Use of linked-color imaging for upper gastrointestinal tract endoscopy improves the detection of neoplasms in comparison with conventional white-light imaging, according to results from a randomized trial involving more than 1,500 patients.
Linked-color imaging (LCI) is an advanced illumination technique that combines white light with narrow-band short-wavelength light to enhance the contrast of red and white hues during endoscopy, making it easier to recognize subtle differences in mucosal color.
At present, LCI is available only on systems manufactured by Fujifilm (that is, the Lasereo endoscopic system marketed in Japan and the Eluxeo system in the United States and Europe). The system includes the light source and a processor and can be used with various endoscopes.
“Combined with previous studies that show the efficacy of LCI in detecting large intestinal neoplasia, our findings make a strong case for wider adoption of this modality in surveillance of the entire endoscopically accessible digestive tract,” senior investigator and gastroenterologist Mototsugu Kato, MD, of the Hakodate National Hospital, Hokkaido, Japan, said in a press release.
The randomized trial was conducted at 19 Japanese hospitals by 58 expert endoscopists, all of whom were experienced with LCI.
“We need further research to confirm [LCI’s] efficacy in the hands of general clinicians for upper GI screening” of an average-risk population, Dr. Kato said.
Results from the trial were published in Annals of Internal Medicine.
Approached for comment, gastroenterologist Marvin Ryou, MD, director of endoscopic innovation at Brigham and Women’s Hospital, Boston, said that he has used Fujifilm’s LCI technology mostly for polyp detection on colonoscopy and has found it useful.
LCI “has been shown to be helpful for the detection of colonic neoplasia, and this Japanese multicenter study provides additional evidence of utility in foregut neoplasm detection. I would look forward to future studies of LCI in an average-risk population,” he said.
Details of the randomized trial
All of the trial participants had previous or current gastrointestinal cancer and were undergoing upper GI endoscopic surveillance. Patients were a little older than 70 years on average, and more than 75% were men.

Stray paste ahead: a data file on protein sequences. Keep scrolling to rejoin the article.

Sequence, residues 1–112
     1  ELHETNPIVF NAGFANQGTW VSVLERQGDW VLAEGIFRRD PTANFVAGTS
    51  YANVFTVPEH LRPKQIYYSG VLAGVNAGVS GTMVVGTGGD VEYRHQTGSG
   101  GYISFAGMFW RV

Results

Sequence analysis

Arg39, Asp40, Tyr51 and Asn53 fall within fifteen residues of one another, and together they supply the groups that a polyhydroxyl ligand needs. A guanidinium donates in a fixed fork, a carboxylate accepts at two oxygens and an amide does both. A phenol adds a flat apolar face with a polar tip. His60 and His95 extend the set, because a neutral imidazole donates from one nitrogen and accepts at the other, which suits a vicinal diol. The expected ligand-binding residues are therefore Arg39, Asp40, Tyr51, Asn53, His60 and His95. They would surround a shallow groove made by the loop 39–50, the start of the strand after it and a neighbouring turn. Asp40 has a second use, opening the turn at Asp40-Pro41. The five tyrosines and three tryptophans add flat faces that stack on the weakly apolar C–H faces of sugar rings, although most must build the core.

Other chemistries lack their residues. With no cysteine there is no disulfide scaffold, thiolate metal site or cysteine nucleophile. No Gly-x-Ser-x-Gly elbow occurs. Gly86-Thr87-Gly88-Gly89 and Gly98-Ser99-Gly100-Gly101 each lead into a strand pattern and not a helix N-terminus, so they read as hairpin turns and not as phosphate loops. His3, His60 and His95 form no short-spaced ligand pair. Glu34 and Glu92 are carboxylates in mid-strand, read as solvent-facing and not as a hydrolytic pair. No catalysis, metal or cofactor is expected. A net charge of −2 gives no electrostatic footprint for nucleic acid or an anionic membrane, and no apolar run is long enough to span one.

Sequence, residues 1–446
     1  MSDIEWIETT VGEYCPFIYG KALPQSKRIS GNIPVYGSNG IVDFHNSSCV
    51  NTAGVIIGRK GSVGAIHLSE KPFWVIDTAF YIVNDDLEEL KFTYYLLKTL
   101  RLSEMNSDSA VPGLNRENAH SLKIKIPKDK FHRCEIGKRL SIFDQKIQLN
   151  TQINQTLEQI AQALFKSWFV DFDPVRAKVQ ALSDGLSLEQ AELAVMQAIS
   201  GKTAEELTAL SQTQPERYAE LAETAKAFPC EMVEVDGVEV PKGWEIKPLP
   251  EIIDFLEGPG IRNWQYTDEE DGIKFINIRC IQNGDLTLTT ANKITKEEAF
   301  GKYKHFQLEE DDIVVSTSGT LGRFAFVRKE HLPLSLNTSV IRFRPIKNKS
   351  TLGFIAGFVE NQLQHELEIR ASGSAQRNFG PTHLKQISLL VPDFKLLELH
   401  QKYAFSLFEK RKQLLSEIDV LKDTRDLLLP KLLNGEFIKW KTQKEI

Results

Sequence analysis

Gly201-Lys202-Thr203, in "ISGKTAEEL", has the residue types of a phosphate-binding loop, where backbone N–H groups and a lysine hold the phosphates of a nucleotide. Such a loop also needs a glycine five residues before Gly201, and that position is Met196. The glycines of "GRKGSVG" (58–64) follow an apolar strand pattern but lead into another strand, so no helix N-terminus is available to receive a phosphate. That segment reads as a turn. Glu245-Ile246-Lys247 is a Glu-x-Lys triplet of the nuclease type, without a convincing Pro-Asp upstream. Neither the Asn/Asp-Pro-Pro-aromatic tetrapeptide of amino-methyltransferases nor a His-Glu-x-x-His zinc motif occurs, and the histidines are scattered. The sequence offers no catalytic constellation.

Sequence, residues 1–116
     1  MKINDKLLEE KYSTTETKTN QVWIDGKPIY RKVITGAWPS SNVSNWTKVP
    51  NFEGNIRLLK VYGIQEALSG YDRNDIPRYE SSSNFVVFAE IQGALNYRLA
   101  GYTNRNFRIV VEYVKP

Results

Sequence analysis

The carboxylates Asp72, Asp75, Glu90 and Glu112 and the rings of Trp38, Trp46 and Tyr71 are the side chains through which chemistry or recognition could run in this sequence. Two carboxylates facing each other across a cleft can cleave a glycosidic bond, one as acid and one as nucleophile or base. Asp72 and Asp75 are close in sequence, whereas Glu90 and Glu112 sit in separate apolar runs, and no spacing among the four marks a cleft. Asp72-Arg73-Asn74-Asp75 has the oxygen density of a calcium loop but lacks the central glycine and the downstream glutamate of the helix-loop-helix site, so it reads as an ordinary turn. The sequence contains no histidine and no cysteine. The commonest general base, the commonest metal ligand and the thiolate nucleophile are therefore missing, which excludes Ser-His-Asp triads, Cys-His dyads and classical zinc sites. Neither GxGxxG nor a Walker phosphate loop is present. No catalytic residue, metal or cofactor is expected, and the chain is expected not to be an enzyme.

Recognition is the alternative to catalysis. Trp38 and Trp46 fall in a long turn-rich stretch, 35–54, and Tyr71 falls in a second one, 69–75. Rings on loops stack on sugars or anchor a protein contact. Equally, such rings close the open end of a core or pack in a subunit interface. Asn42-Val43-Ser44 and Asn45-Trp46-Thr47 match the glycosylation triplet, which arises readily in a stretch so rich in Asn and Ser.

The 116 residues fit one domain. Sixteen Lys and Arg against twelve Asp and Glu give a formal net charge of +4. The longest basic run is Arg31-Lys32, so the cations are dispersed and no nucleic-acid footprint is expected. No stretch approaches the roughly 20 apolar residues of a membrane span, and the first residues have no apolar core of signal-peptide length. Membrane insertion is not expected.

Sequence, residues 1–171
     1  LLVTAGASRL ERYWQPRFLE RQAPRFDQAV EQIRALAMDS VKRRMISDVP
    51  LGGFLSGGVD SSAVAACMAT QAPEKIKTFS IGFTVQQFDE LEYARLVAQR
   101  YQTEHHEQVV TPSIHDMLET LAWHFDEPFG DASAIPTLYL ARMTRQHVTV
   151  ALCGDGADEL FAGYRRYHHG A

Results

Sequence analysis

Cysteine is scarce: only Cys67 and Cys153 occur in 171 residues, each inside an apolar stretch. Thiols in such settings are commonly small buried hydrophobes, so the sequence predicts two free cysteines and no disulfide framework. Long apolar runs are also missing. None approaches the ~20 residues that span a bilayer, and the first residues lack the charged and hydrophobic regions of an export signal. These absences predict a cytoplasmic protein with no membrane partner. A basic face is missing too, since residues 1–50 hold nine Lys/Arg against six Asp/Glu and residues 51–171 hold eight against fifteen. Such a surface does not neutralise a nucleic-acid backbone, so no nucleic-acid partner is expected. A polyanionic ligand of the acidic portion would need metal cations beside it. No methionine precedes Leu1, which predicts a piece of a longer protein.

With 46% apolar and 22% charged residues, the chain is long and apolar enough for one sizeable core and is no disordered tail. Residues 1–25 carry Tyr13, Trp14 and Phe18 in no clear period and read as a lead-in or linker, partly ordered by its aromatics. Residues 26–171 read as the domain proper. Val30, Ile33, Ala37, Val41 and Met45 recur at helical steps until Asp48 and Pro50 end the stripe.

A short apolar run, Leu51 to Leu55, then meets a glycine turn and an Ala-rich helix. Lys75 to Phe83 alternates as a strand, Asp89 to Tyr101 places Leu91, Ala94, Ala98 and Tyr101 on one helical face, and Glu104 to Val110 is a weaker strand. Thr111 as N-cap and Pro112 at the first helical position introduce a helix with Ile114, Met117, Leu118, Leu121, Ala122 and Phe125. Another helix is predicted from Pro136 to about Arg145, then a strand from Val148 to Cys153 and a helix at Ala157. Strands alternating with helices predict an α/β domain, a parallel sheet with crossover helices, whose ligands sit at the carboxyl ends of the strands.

The patients underwent two examinations during their endoscopy sessions, one performed with LCI, and the other with conventional white-light imaging (WLI). The endoscopy system used in the study allowed the scope to switch between the two modalities, as well as others.
Overall, 750 patients were randomly assigned to undergo LCI first and then WLI; 752 underwent WLI first and then LCI.
In both groups, lesions were most common in the stomach, followed by the esophagus and the pharynx.
Neoplastic lesions in the pharynx, esophagus, or stomach – confirmed by histology – were detected in 60 patients (8%) with LCI versus 36 patients (4.8%) with WLI. This translated to a 1.67 times higher rate of detection.
First-pass WLI missed 26 lesions that were picked up by second-pass LCI. Five lesions were missed by LCI and were subsequently detected by WLI, which translated to a greater than 80% reduction in missed lesions with LCI.
Procedure time was longer with LCI than WLI, but mean differences were less than 20 seconds.
The investigators said that there is a possibility of overdiagnosis with both systems, but perhaps more so with LCI. Overall, WLI detected 121 lesions on first pass, 30.6% of which were neoplastic; first-pass LCI detected 185 lesions, 35.7% of which were neoplastic.
The trial was funded by Fujifilm. One investigator has received a grant and another has received research funding from Fujifilm. Dr. Ryou is a consultant for the company.
A version of this article first appeared on.